However, offensive comments posted online referencing "Down Syndrome Friends" — another brand of Down syndrome dolls that recently entered the United States market — forced the company behind the dolls to post a disclaimer on its Web site.
Dr. Steven Parker, associate professor of developmental and behavioral pediatrics at Boston University School of Medicine, says he can't imagine that people would be that insensitive. Though he hadn't previously heard about Down syndrome dolls, he says he often treats children who have cancer; many use dolls to help them cope.
"It's very touching to see a child with an IV who is getting some nasty chemo, clutching a doll who is also bald and getting an IV," Parker says.
"Kids really take a lot of comfort from these dolls. It's wonderful if they can find one that they relate to on an emotional level."
Gina Lozito, a certified child-life specialist at Golisano Children's Hospital in Syracuse, N.Y., uses dolls on a daily basis with her patients in the hematology/oncology unit. She has ones in wheelchairs and with leg braces, so a Down syndrome doll would be just another added to the mix.
"It doesn't matter to them," she says. "I don't believe that the kids pick up a doll because it's their race or has their condition. I don't think it should make a difference what the doll looks like."
Though it may be in their nature to enjoy playing with dolls, children can also learn from such toys, Parker says.
"I think it's great all around," he says. "Certainly for kids with Down syndrome who look like that, but also for kids who are learning to deal with someone who looks different — maybe if they have a Down syndrome kid in their class."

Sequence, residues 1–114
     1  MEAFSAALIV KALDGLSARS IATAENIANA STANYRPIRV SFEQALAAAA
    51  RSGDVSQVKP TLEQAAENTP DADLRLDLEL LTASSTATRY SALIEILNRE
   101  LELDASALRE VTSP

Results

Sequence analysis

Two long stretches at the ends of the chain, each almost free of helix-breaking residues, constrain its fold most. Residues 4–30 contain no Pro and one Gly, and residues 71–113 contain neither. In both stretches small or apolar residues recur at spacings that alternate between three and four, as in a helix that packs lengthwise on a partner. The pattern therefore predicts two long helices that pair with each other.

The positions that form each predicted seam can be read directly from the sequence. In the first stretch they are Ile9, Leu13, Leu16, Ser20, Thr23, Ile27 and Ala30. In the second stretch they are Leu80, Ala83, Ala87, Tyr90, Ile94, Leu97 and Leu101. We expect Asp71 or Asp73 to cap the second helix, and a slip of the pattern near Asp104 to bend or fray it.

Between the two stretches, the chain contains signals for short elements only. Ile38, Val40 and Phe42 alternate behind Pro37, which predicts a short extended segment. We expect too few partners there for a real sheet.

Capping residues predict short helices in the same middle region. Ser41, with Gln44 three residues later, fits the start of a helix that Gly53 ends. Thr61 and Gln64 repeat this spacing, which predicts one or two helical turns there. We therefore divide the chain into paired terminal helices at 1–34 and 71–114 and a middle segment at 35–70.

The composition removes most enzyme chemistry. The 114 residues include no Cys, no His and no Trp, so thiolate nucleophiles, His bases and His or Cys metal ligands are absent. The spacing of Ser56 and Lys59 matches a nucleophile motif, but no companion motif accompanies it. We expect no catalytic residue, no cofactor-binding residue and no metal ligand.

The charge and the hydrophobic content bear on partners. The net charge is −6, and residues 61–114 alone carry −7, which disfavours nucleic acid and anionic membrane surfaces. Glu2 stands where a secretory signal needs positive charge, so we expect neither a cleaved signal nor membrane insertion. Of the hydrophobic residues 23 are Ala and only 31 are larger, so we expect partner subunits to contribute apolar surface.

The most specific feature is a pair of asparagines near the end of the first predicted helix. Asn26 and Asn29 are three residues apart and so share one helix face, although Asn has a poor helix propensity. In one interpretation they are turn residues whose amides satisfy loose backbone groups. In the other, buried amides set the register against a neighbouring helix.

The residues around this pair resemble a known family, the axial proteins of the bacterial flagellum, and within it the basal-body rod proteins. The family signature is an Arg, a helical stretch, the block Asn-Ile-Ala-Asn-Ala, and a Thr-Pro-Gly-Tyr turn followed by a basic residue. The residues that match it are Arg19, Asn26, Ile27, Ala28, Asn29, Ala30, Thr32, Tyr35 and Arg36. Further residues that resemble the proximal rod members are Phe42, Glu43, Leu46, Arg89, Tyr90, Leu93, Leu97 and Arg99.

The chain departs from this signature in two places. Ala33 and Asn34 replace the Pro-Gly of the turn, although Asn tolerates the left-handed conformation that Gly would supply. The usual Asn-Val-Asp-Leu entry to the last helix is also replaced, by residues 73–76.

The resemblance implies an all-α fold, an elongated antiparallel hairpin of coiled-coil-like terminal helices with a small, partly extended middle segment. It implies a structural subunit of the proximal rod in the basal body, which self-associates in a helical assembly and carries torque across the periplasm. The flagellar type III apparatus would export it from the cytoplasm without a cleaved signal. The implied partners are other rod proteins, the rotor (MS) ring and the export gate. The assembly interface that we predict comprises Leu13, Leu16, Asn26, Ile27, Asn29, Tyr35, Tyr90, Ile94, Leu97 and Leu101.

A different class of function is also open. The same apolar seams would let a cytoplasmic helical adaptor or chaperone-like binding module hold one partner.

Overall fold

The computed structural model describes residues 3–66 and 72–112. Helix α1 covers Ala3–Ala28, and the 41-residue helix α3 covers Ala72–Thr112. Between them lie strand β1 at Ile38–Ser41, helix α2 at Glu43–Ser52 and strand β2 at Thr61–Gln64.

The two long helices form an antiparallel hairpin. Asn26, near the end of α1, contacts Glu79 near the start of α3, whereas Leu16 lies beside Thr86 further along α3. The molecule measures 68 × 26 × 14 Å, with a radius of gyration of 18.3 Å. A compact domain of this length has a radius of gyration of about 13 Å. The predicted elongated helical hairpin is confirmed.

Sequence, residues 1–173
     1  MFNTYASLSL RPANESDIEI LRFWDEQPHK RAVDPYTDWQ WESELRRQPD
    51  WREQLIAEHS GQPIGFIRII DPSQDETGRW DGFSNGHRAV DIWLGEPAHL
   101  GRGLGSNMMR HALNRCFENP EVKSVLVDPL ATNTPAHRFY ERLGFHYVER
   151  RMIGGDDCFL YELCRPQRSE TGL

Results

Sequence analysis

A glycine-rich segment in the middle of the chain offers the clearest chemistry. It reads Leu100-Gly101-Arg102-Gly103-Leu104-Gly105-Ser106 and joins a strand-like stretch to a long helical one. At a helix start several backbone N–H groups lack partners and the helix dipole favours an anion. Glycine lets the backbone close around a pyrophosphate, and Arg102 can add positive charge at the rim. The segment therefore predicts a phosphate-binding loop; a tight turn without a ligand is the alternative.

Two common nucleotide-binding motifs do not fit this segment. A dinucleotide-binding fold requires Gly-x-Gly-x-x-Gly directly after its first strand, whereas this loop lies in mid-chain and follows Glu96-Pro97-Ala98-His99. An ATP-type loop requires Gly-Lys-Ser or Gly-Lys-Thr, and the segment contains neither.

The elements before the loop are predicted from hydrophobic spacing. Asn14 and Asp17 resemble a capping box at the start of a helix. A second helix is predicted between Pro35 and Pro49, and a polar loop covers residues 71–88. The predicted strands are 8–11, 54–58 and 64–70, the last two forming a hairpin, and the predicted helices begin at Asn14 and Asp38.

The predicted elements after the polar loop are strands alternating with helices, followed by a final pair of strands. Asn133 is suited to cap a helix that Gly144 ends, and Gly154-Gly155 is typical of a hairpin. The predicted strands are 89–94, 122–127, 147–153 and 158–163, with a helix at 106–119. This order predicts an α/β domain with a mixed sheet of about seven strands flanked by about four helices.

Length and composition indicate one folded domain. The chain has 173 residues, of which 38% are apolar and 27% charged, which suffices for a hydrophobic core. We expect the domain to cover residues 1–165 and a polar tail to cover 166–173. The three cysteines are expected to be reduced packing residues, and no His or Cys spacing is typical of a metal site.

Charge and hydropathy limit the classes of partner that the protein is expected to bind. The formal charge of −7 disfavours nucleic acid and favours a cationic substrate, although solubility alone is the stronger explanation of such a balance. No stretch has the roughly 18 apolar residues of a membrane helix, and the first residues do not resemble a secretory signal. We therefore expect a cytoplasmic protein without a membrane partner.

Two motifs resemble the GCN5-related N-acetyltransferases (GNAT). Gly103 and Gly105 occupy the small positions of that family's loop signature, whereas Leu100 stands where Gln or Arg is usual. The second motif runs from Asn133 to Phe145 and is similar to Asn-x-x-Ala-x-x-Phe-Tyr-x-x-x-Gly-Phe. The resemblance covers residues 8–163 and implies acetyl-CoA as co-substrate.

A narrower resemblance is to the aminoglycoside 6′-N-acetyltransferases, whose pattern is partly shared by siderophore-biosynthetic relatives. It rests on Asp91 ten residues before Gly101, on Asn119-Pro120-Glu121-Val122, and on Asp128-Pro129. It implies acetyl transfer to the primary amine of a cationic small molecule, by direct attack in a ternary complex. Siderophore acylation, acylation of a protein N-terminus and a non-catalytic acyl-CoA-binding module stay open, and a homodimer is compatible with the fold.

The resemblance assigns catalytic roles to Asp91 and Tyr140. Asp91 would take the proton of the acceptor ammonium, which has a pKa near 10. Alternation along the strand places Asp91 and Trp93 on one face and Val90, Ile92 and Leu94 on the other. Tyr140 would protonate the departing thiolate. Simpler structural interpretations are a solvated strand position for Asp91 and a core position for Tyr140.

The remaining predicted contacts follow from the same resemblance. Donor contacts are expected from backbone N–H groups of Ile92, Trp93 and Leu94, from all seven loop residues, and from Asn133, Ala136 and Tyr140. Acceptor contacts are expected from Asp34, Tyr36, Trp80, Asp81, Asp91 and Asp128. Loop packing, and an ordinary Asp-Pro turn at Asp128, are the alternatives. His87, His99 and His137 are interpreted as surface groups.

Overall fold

Moore says many of her customers order the dolls to use as tools for learning about the condition; actress Demi Moore bought them for all three of her children. In addition, several colleges and universities have purchased Downi dolls.
Dr. Susan Anderson, director of the Down Syndrome Program at the University of Virginia Children's Hospital, was one of the first people to buy one. She says she uses it to teach pediatric residents about Down syndrome.
"I think this is an acknowledgement that this is an important group of children that we have in our community," she says.
Both Anderson and Parker say that these types of toys could help demystify the condition for the general public.
"I think when we normalize these conditions in toys and on television," Parker says, "we help to incorporate them into the mainstream of the world, even with these differences."
McKenzie says that she hopes the societal integration of people with Down syndrome will come sooner rather than later. But for now, she welcomes these dolls as progress toward acceptance.
"If it has to be an inanimate object to bridge the gap, it's still great," she says. "We'll take it in baby steps."